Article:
O All-Gracious, most wondrous Mother of God, Pantanassa, Queen of All! I am not worthy that Thou shouldst enter under my roof! But as Thou art the lovingly compassionate Mother of the merciful God, say the word that my soul may be healed and my weakened body strengthened. For Thou hast unconquerable might, and all Thy speech hath power, O Queen of All! Do Thou gain the victory for me, do Thou supplicate for me - that I may glorify Thy most glorious name, always, now and ever, and unto endless ages. Amen.

Second Prayer to the Mother of God

O Most-Pure Mother of God, O Queen of All! Hearken unto our much-afflicted sighing before Thy miraculous Icon, brought to Russia from the land of Athos. Look upon Thy children, suffering from unhealed ailments, who fall down before Thy holy image with faith! As a bird covers its nestlings with its wings, so do Thou now, who art ever present, cover us with Thy greatly healing omophorion. In that place where Hope be.

There where bitter sorrows overcome us, there will Patience and Rest be revealed. Where the torment of despair dwells in the soul, there will shine the ineffable Light of Divinity! Console the fainthearted, strengthen the weak, bestow softening and enlightenment upon embittered hearts. Heal Thine ailing people, O All-merciful Queen! Bless the minds and hands of our physicians, that they might serve as instruments of the All-powerful Physician, Christ our Saviour. We pray before Thine Icon, that Thou mightest truly live with us, O Sovereign Lady! Stretch out Thy hands, filled with healing and cures, O Joy of the sorrowful, Consolation in afflictions, that having speedily received miraculous help, wee may glorify the Life-creating and Undivided Trinity, the Father and the Son and the Holy Spirit, unto the ages of ages. Amen.

Source: Akathist to the Mother of God "Healer of Cancer", St. Paisius Serbian Orthodox Monastery, Safford, Arizona. 2002. Pp. 30-32.

Clean Monday & St Elias Video on the Church Building as Catechesis

A joyous Clean Monday to all! For Eastern Catholics, today marks the beginning of the Great Fast. For those who wish to follow the readings, hymns and basic commemorations of the Byzantine Tradition, a search through this blog will provide several daily resources from years past. This year, I may not be a very active "blogger" during the Fast as several personal issues impede. I will, God willing, give a personal update on Presbytera shortly for those who have been praying for her.

Hat Tip to the New Liturgical Movement for a nice article on mystagogical catechesis and the below short video from St Elias Ukrainian Catholic Church in Brampton, Ontario.

Saturday, February 14, 2009

Book Burning Twenty-first Century Style - and more

The UK Religious Intelligence Website reports a disturbing instance of book burning. What printed work could be so offensive that it must be completely silenced? Political ideology? Scientific works that contradict ideological prejudices? And what organization would oversee the snuffing out of free speech? Rabid conservatives? Click here for the answer.


Last evening, the FOX News channel's Shephard Smith included a brief mention about Galileo and the Catholic Church. He repeated the same tired lies that the issue between Galileo and the Church was the scientific contradiction of the Church's "view" that the earth was the center of the universe. Mr Shephard would benefit from reading Thomas E Woods, Jr's How the Catholic Church Built Western Civilization. He might also read from the Network's own Fox Forum an article by attorney Tommy De Seno entitled "Darwin Day" is for Dummies.

Thursday, February 12, 2009

Dr Kreeft Refutes Reductionism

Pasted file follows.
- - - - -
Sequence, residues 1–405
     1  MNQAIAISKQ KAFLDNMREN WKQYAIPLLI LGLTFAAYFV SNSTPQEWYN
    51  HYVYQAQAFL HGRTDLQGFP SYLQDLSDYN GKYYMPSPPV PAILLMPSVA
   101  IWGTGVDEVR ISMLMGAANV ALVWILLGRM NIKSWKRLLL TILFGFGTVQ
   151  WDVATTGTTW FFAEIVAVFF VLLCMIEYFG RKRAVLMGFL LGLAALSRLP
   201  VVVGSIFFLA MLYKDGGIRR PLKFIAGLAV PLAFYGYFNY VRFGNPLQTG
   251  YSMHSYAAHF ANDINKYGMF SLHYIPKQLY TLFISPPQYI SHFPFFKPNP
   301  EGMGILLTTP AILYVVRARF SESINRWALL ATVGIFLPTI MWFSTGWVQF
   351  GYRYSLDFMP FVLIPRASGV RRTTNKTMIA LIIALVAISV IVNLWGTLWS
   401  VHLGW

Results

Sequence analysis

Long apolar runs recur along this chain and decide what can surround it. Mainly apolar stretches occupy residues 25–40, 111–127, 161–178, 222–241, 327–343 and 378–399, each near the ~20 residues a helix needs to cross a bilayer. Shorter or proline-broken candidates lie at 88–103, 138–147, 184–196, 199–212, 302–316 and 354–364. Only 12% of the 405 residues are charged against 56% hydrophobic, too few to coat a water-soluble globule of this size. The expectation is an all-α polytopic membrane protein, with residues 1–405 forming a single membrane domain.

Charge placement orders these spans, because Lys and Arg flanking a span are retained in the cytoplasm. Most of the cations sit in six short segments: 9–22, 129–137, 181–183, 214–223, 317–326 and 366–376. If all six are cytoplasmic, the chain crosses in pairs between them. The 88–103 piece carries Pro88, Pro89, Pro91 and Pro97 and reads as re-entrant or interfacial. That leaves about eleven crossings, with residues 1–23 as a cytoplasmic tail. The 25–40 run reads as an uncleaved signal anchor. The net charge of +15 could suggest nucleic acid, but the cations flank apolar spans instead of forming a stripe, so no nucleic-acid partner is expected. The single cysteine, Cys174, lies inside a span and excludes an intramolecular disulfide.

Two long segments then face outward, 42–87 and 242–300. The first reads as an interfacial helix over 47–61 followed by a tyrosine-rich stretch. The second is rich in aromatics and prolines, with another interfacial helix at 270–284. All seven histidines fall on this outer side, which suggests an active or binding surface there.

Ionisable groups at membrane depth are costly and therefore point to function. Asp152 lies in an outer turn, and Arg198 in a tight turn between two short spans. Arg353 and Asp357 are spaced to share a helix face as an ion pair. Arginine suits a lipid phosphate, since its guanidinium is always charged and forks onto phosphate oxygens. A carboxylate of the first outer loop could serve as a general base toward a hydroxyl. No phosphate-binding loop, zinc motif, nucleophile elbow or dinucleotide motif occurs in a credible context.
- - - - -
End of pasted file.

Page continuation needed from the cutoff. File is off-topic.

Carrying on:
Hat Tip to Vivicat for reference to an article by Dr Peter Kreeft, entitled "A Philosophical Refutation of Reductionism", at the Catholic Education Resource Center website refuting reductionism.

Reductionism is the philosophical attempt to explain something complex by "reducing" it to a simple, basic element. For an (admittedly simplistic) example, The Holy Bible's message might be reduced to "God wants us to be good".

Of course, this omits the complexity of nuance that constitutes the true meaning of such a reductionist statement. Ultimately, reductionism is a logical positivist variety of relativism in that to achieve the reductionist result of the deduction one must make choices of criteria that betray the presuppositions of the process.

Somewhat like statistics, or the speeches of politicians.

Anyroad, read the article here.

The Doctrine of Darwin

RealClearPolitics has an interesting article by David Warren on Darwin. Amongst highlights the article notes the following:

As Darwin himself realized, the fossil stratum corresponding to the beginning of the Cambrian geological period was potentially inimical to his hypothesis. In a blink of geological time, now dated by various means to 542 million years ago, all of the advanced body types of "modern" multicellular organisms suddenly and simultaneously appear. The event is now known as the "Cambrian Explosion," and Darwin hoped it would be explained away by the later discovery of gradual evolutionary developments through the eons before. Instead, the shock of the transition has been enhanced by all subsequent study.

Likewise, Darwin trusted that the gradual development of such "irreducibly complex" organs as the eye, ear, and heart would be explained in due course (i.e. these organs can't work at all unless and until all their many parts are present and functioning in perfect harmony). Instead, advances in genetics, molecular biology, and biochemistry over the last half-century have revealed a vast world of irreducible complexities within the single living cell, by comparison to which the engineering of an eye would be child's play.

The man himself was very much a product of his age: a bourgeois Victorian adapted to an intellectual environment in which such fatuities as Utilitarianism and Malthusianism were in the air. In retrospect, he is a redundant character, for Wallace already had the theory, and many others could have drudged out Darwin’s specific points.
Read the whole article here.